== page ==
Tysus Jackson ’99 Talks About Conscious Giving
Alumna returns to campus to challenge giving community
Are you consciously giving? Tysus Jackson ’99 challenges you to ask yourself this important question.
Jackson returned to Saint Mary’s on March 30 for her presentation “Being a Conscious Giver: How a Degree in Social Science Shaped My Career in Philanthropy.”
After graduating from Saint Mary’s with a double major in sociology and political science and minors in women’s studies and African studies, Jackson went on to earn a master of public administration from Indiana University. It was there that she found her passion for fundraising. While she’s explored several career paths along the way, including one in higher education administration, her passion is for developing a culture of intentional giving on behalf of organizations doing meaningful work. She currently serves as the program director of individual giving at the National Museum of African American History and Culture at the Smithsonian Institution.
When asked about her day-to-day work at the museum, she answered with a smile. “I look out my window at the National Monument, and think, ‘How lucky am I?’” Besides having a great view, Jackson also leads the museum’s annual $10 million individual giving program.
Jackson served as vice president of her class for two years at Saint Mary’s. During that time, she co-led her class in its fundraising efforts to become the group that raised the most money in Saint Mary’s history. She also advocated for African American stories to be heard on campus. When Jackson was a senior, she invited Myra Selby to speak on campus, the first African American—and the first woman—to be appointed to the Indiana Supreme Court.
“I’ll never forget the relationships I built with faculty,” said Jackson of her time at Saint Mary’s. She remembers her professors going out of their way to make sure she had the best educational experience—Mark Belanger included discussion of some areas of interest from African studies, and George Trey invited her to take African and African American philosophy courses.
And Jackson’s impact as a student was felt equally by Saint Mary’s sociology and criminology professor and director of the division of applied social sciences Professor Susan Alexander recalls Jackson speaking out in her Social Problems course early in her teaching career. Alexander was referencing the book Savage Inequalities by Jonathon Kozol when Jackson approached her and explained how the book was reinforcing stereotypes about Black women. “She made me a better, more conscious teacher,” said Alexander. “And now, Tysus has built a career using her voice for greater diversity, equity, and inclusion.”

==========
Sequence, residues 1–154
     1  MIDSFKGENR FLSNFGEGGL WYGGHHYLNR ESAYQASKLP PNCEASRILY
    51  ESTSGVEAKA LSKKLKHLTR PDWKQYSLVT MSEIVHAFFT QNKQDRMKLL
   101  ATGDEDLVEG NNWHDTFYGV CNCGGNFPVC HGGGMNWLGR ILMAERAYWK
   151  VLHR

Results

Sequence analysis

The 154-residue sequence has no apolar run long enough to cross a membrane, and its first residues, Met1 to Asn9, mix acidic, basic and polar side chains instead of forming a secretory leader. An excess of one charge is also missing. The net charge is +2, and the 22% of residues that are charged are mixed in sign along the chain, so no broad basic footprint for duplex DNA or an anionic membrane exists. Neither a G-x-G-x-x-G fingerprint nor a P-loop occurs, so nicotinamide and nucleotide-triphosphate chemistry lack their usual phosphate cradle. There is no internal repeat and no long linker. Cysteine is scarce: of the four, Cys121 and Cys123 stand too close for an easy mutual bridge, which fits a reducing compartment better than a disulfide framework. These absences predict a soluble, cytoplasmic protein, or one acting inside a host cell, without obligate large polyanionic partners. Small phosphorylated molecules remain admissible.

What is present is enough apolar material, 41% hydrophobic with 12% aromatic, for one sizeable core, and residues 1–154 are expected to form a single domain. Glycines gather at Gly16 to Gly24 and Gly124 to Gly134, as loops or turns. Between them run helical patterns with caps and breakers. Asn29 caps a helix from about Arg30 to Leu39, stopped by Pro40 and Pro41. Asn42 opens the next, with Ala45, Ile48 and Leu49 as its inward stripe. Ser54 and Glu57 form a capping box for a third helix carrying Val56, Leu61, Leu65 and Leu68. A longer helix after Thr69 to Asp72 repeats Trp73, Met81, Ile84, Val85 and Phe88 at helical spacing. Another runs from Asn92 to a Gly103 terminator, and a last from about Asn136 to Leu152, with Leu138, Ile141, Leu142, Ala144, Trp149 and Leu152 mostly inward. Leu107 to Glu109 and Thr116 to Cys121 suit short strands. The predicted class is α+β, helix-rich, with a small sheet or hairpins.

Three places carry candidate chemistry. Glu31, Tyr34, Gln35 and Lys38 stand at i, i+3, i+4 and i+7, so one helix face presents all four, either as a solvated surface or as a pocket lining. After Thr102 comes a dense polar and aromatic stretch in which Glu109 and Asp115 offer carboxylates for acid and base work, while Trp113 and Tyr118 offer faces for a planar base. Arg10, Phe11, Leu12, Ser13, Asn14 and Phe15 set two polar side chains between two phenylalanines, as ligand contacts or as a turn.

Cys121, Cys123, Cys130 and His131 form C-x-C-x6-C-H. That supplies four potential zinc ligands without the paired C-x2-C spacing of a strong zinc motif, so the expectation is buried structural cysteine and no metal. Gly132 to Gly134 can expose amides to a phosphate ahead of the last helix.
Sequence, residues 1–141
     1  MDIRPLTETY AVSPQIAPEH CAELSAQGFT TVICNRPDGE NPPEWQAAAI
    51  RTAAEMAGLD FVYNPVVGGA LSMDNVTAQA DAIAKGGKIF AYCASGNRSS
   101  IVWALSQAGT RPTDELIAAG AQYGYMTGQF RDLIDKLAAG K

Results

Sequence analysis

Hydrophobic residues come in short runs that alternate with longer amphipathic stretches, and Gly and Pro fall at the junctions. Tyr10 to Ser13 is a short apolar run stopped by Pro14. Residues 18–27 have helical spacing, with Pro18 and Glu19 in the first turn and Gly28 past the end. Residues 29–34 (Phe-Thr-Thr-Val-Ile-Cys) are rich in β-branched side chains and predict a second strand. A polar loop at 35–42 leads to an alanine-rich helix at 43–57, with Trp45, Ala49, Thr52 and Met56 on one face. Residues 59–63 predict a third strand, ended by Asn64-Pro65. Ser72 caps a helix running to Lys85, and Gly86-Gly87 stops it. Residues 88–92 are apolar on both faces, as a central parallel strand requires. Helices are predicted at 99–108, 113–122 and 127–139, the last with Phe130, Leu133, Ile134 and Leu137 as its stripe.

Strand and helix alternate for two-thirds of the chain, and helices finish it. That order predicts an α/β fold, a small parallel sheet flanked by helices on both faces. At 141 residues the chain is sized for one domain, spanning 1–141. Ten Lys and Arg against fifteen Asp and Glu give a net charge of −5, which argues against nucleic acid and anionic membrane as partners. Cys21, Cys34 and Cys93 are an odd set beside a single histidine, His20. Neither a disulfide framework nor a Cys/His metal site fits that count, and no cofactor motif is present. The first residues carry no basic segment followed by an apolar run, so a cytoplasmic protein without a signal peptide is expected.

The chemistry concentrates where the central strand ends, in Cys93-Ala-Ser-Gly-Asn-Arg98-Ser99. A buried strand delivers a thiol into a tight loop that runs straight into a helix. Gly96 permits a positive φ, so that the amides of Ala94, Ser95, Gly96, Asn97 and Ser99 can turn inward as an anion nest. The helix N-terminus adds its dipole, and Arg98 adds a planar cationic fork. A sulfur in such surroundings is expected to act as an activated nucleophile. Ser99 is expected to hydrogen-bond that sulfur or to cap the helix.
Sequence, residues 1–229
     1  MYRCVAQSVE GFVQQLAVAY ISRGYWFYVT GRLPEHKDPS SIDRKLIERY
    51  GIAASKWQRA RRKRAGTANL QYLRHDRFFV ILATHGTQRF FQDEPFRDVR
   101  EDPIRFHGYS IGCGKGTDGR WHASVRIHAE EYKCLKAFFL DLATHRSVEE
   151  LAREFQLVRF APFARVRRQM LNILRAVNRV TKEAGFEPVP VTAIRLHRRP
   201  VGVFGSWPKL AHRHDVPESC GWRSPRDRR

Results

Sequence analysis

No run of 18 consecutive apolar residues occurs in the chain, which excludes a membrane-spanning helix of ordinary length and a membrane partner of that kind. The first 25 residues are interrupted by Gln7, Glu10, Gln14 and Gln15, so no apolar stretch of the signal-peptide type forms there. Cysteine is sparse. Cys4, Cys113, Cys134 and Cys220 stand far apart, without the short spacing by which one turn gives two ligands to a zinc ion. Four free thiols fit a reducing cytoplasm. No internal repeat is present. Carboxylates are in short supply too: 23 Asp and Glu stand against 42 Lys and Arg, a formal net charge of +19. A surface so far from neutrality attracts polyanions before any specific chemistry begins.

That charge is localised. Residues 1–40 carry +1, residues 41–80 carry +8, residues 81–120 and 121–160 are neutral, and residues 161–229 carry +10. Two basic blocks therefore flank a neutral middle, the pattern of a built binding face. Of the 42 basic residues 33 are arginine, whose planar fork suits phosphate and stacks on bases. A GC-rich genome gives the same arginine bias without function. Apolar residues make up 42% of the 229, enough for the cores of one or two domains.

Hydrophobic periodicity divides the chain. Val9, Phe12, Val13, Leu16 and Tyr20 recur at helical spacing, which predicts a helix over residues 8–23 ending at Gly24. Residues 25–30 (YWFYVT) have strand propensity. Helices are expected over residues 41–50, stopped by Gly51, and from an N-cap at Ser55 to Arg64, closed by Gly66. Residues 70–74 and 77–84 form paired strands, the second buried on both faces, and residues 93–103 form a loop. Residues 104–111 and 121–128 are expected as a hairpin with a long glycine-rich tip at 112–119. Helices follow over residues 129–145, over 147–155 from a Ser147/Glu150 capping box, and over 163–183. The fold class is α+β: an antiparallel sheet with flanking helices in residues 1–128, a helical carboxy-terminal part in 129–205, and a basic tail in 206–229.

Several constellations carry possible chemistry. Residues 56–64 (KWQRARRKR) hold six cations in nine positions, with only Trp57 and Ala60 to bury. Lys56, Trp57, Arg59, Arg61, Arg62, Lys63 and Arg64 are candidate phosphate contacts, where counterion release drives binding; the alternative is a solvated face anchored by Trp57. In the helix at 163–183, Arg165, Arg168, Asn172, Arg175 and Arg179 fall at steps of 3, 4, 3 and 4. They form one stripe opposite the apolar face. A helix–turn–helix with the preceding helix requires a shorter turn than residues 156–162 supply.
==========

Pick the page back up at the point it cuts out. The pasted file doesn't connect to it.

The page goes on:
Jackson had also been determined to raise consciousness at the College regarding diversity. As a student, she joined a collaborative team of faculty, staff, and students looking to implement a new interdisciplinary minor focusing on multiculturalism, which is now the intercultural studies minor. Funded by what has grown to become the Division for Inclusion and Equity, Jackson and the team traveled to the National Conference on Race and Ethnicity in American Higher Education in 1997.
Jackson shared that her approach to her work began with Professor Alexander’s stratification course on gender, class, and race. “It helped me shape how I see the world,” said Jackson. “I am constantly looking at these different pieces of people, how that makes them a whole person, and how society influences that.”
Fundraising at the Smithsonian isn’t her only job. She also established her own consulting company, Conscious Giving, in 2015. She uses her passion for fundraising to coach clients on nonprofit administration, fund development, communication strategies, and engagement activities to achieve their desired results.
Conscious giving, Jackson explains, is simply giving with intent for impact. “I want people to give, regardless of the amount, their time, talent, treasure, and give in ways that are really intentional, and make a greater impact on the world,” she said. “Collectively, we can make a difference.”
Jackson challenges everyone to think about what’s important to them and their time. She stresses the importance of volunteering and of finding organizations that align with your own personal mission.
Jackson has always loved learning, which is why she isn’t finished. She is starting her doctoral program in philanthropic leadership at Indiana University’s Lilly School of Philanthropy this month the first of its kind, where she is looking to expand her leadership tools.